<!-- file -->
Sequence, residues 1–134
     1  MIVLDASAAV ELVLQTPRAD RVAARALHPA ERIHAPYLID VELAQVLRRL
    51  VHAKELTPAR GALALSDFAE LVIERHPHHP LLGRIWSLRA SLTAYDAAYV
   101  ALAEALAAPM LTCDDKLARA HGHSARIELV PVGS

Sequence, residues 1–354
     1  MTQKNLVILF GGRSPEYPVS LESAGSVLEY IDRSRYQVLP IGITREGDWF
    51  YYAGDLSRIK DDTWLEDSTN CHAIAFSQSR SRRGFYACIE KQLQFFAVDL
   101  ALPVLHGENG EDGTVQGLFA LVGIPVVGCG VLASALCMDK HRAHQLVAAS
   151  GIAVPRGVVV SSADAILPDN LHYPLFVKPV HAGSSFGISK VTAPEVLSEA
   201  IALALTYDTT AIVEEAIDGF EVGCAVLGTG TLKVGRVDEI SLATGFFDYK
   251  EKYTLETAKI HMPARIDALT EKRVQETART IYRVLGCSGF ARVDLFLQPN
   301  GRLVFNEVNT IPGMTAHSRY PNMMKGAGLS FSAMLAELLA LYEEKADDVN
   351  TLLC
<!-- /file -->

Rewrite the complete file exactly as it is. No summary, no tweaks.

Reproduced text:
Sequence, residues 1–134
     1  MIVLDASAAV ELVLQTPRAD RVAARALHPA ERIHAPYLID VELAQVLRRL
    51  VHAKELTPAR GALALSDFAE LVIERHPHHP LLGRIWSLRA SLTAYDAAYV
   101  ALAEALAAPM LTCDDKLARA HGHSARIELV PVGS

Sequence, residues 1–354
     1  MTQKNLVILF GGRSPEYPVS LESAGSVLEY IDRSRYQVLP IGITREGDWF
    51  YYAGDLSRIK DDTWLEDSTN CHAIAFSQSR SRRGFYACIE KQLQFFAVDL
   101  ALPVLHGENG EDGTVQGLFA LVGIPVVGCG VLASALCMDK HRAHQLVAAS
   151  GIAVPRGVVV SSADAILPDN LHYPLFVKPV HAGSSFGISK VTAPEVLSEA
   201  IALALTYDTT AIVEEAIDGF EVGCAVLGTG TLKVGRVDEI SLATGFFDYK
   251  EKYTLETAKI HMPARIDALT EKRVQETART IYRVLGCSGF ARVDLFLQPN
   301  GRLVFNEVNT IPGMTAHSRY PNMMKGAGLS FSAMLAELLA LYEEKADDVN
   351  TLLC